Fruit

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Right now, there are so many voices online, telling us what should matter or not matter to us, how we can achieve x, y and z in our careers, how we should parent, even how we should practise self care. And while some of these voices are helpful and encouraging and good, we can end up overwhelmed by the sheer quantity of content.

That’s the place I had come to at the end of last week, a tumultuous week, which had driven many to seek reassurance and comradery in social media. Scrolling and checking became even more instinctive a habit than ever before, but the more I scrolled and checked, the more stressed I became. And the more I scrolled, the more content I read, the more I felt I needed to have goals and plans and targets. Parenting goals, business goals, self care goals…and so on, because this is what my feed was full of. And whilst none of this is bad in itself, it was piling on pressure at a time when things can change daily, plans have to be made VERY loosely and none of us are operating within normal parameters. I realised I needed to step back from social media and sift through my head and heart.

I started with lists, but I wrote them in the most flexible, low pressure way I could think of: a to do list for the week, along with a ‘probably do’ and a ‘might do’ list for the year. This was a starting point, but I still felt uneasy, like I hadn’t got to the heart of things. These lists could so easily spill over into a mind-map of good, creative, well-intentioned ideas that would quickly overfill my brain and time and distract me from what I really needed to focus on.

So I retreated further. Stepped back from the to do lists and asked myself and God, what is really important to me this year? What kind of life am I trying to build?

As I reflected, I looked back over my journals and found that I’d already been doing this work (partly through some amazing books I have read over the past year – see the list at the bottom). I do know what is important to me and what is amazing is that God has been bringing me on this long journey for a while now. Over time, there has been a stripping back, a ‘pruning’ and real growth, too. Time and time again, I have written down these same priorities for myself and my family: friendship; hospitality; nurture and nourishment. And, as I look back, I see that God has already been giving me opportunities to prioritise friendships and open up our home.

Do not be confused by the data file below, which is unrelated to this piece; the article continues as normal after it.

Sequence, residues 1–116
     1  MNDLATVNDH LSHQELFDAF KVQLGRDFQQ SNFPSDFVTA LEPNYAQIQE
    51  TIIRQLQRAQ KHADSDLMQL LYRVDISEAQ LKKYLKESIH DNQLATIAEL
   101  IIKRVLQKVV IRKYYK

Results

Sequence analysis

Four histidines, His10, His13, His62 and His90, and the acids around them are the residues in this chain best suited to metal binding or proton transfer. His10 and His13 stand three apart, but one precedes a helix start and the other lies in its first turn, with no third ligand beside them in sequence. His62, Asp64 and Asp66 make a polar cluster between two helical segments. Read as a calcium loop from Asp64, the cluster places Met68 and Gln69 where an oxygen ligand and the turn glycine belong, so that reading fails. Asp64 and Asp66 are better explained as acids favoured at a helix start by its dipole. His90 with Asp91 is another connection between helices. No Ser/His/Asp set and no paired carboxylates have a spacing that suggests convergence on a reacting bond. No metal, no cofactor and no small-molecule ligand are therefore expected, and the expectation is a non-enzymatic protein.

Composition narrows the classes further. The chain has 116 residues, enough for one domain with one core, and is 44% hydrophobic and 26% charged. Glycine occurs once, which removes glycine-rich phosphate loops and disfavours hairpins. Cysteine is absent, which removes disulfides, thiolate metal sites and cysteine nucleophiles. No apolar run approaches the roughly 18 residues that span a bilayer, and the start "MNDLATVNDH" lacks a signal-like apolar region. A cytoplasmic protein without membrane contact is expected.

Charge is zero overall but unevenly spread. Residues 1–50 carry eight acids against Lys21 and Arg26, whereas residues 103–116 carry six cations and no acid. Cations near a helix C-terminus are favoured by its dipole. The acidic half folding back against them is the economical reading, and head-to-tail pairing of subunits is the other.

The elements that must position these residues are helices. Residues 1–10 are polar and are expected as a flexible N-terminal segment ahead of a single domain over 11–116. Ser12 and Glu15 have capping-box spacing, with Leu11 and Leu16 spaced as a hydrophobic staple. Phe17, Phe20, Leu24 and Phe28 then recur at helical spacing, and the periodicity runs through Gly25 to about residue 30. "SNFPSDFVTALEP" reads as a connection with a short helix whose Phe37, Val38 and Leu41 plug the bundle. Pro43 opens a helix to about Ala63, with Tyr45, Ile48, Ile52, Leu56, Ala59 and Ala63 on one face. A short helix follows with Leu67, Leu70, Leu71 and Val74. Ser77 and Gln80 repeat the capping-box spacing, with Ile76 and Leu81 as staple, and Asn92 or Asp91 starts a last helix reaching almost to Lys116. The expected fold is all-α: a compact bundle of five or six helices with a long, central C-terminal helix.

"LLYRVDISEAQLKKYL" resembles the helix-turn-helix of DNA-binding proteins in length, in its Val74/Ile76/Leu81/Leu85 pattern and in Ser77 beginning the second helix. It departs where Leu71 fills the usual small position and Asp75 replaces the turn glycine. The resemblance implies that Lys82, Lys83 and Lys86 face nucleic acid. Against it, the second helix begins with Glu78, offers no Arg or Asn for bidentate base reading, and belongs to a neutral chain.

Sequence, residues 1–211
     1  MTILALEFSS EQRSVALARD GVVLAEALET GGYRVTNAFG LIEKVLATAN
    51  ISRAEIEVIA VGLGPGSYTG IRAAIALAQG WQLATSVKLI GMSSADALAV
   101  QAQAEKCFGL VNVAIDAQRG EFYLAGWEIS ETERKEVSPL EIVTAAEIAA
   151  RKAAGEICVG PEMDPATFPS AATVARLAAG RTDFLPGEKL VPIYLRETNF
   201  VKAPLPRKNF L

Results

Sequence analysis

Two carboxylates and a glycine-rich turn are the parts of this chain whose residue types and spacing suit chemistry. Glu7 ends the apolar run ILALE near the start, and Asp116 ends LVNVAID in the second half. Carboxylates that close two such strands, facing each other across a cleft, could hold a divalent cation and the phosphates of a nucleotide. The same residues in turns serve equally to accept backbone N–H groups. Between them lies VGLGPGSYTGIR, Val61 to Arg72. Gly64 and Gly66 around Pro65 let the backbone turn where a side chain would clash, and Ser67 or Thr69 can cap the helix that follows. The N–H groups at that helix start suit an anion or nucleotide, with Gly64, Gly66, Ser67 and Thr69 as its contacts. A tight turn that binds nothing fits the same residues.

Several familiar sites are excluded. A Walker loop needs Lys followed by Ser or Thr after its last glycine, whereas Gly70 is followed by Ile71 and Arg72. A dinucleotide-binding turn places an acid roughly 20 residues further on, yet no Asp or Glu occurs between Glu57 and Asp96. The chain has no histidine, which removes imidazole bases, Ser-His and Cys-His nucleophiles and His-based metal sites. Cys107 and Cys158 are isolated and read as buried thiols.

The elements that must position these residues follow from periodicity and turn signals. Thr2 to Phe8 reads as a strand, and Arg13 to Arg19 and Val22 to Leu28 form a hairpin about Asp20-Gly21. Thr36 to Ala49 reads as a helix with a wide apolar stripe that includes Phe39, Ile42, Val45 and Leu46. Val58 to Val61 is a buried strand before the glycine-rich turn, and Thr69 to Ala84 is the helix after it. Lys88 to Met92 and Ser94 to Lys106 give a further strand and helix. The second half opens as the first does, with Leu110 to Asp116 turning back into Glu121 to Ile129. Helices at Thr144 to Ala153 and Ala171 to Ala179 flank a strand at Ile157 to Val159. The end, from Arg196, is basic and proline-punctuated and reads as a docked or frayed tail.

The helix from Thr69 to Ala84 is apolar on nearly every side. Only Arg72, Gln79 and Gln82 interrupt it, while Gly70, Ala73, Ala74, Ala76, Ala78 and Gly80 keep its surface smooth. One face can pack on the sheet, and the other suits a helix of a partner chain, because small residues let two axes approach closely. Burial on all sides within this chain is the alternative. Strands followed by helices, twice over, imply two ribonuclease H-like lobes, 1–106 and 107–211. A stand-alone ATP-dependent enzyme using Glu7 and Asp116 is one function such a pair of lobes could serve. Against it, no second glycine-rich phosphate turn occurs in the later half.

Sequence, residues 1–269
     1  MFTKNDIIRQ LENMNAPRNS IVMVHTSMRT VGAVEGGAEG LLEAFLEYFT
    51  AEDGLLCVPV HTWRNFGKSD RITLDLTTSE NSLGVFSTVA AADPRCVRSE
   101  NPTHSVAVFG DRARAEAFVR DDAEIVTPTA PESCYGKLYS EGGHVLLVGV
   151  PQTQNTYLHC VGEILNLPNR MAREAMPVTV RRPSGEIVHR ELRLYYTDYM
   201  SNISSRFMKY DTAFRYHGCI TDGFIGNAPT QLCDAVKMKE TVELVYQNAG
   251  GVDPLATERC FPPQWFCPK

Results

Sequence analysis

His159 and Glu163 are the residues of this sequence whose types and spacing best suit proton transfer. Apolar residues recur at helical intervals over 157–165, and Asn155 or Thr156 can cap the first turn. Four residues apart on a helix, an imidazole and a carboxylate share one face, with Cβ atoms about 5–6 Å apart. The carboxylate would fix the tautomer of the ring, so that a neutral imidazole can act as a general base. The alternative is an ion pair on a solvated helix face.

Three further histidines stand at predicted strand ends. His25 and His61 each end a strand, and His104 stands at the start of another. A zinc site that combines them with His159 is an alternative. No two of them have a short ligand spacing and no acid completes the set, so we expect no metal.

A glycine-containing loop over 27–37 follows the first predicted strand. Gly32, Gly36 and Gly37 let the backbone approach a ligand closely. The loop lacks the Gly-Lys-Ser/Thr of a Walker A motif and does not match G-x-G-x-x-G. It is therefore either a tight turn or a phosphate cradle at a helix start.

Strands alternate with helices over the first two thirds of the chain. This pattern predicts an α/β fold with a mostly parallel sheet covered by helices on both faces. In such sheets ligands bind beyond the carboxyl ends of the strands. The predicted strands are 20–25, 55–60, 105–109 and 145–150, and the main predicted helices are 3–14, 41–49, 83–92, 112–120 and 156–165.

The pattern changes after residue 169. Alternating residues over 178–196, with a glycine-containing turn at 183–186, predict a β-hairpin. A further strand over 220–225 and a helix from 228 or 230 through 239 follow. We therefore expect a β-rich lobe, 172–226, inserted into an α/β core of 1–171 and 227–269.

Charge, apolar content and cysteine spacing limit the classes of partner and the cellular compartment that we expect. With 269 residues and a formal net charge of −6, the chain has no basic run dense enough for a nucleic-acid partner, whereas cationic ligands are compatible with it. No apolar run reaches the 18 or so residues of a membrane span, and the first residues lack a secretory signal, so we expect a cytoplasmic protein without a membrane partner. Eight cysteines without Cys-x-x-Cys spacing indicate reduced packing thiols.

But even these are peripheral things to focus on around my central purpose: to care for and propel our children as they grow up.

And then, there is the deepest, strongest dream of all. This dream is to live the life described here in Galatians 5: 16 and 22-23 from the Message version of the Bible.

My counsel is this: Live freely, animated and motivated by God’s Spirit

But what happens when we live God’s way? He brings gifts into our lives, much the same way that fruit appears in an orchard—things like affection for others, exuberance about life, serenity. We develop a willingness to stick with things, a sense of compassion in the heart, and a conviction that a basic holiness permeates things and people. We find ourselves involved in loyal commitments, not needing to force our way in life, able to marshal and direct our energies wisely.

This is a Bible passage I have written down again and again over the years, on post-its, in journals, at the edge of work diaries and on bookmarks. And now, especially, I long for my children’s experience of our family to be of these ‘fruits’. My basic, barest priority is to be ‘in step’ with God’s Holy Spirit, who I have learned is wholly trustworthy, peaceful and life-bringing. To live with the gifts above growing in our lives has got to be the best way I can think of to spend whatever years I have. For our children, growing up in such an uncertain world, I can’t think of more important gifts than those of patience, joy, perseverance and hope.

George Muller wrote the following, and, in light of all of the above, I completely relate.

‘The first great and primary business to which I ought to attend every day is to have my soul happy in the Lord.’

Books that have particularly helped me think about my priorities:

Cultivate, by Lara Casey

Present Over Perfect, by Shauna Niequist

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